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By Caron Carlson  |  Posted 2003-08-27 Print this article Print

One of the main obstacles is managing mined data and keeping sight of the purpose for collecting it. Usama Fayyad, chairman and co-founder of Revenue Science Inc., said he makes a "mess" whenever working on a data mining project, leaving "a trail of droppings thats of Biblical proportions." Within two to three days of initiating a project, it becomes easy to lose sight of the purpose and goals, he said. Another major obstacle, in Fayyads view, is a disconnect between the way data is represented in data stores and the way mining technologies work. Revenue Science, which changed its name in June from digiMine Inc., is based in Belleview, Wash.
The publics concern about protecting privacy remains a key obstacle, and researchers increasingly see it as a problem that they must address themselves. Calling privacy a "do-or-die" issue, Rakesh Agrawal, a researcher at IBM Almaden Research Center near San Francisco, said that developers must accept responsibility for the technology they are creating. Additionally, new methods must be developed to safeguard against false positives, or inaccurate patterns in data, and there remains much work to be done in that field, he said.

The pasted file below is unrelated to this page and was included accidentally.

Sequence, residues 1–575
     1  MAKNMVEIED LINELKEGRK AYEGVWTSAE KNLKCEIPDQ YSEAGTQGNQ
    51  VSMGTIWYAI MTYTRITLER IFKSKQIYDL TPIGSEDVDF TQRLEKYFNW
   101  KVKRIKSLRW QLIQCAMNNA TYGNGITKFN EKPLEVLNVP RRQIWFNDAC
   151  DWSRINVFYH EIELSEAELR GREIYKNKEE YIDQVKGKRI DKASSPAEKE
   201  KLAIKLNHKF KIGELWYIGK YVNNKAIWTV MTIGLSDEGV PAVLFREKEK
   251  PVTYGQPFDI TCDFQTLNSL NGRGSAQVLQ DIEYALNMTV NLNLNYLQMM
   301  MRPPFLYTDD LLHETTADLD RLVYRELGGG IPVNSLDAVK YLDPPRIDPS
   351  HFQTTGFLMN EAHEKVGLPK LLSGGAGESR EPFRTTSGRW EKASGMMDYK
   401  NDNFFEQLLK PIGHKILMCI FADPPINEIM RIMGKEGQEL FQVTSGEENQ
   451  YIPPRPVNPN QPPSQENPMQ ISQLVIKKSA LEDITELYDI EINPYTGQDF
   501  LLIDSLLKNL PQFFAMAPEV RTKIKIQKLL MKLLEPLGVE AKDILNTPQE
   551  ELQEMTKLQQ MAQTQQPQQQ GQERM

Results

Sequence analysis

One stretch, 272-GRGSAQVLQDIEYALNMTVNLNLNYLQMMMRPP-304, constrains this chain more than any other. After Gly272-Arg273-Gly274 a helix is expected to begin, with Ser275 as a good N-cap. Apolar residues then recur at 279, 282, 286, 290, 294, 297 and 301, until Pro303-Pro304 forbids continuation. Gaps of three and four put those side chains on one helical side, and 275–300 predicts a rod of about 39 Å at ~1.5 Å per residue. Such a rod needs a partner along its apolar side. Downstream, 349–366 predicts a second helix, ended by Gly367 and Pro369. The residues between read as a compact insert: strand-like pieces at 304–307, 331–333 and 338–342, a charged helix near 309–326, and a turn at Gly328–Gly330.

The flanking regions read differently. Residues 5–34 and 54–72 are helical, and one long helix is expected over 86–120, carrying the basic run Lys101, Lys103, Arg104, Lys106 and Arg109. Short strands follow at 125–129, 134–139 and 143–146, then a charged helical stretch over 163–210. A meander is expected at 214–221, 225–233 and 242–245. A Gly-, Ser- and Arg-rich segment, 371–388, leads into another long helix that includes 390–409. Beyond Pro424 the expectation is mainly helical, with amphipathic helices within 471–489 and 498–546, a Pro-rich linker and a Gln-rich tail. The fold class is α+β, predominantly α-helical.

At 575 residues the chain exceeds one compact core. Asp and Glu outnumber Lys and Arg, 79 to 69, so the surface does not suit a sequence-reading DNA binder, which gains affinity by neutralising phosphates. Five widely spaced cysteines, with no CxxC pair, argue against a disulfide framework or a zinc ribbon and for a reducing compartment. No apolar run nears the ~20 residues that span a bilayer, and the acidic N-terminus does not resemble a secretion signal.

Despite their recognition of the hurdles that lie ahead for data mining, proponents largely remain optimistic about its long-term prospects. "Headlines have given data mining a bad name," quipped Gregory Piatetsky-Shapiro, president of KD Nuggets, noting recent news reports of a U.S. Senate vote to block funding for the Pentagons Terrorism Information Awareness project. "But even if the Senate bans data mining, remember we will still have knowledge discovery."


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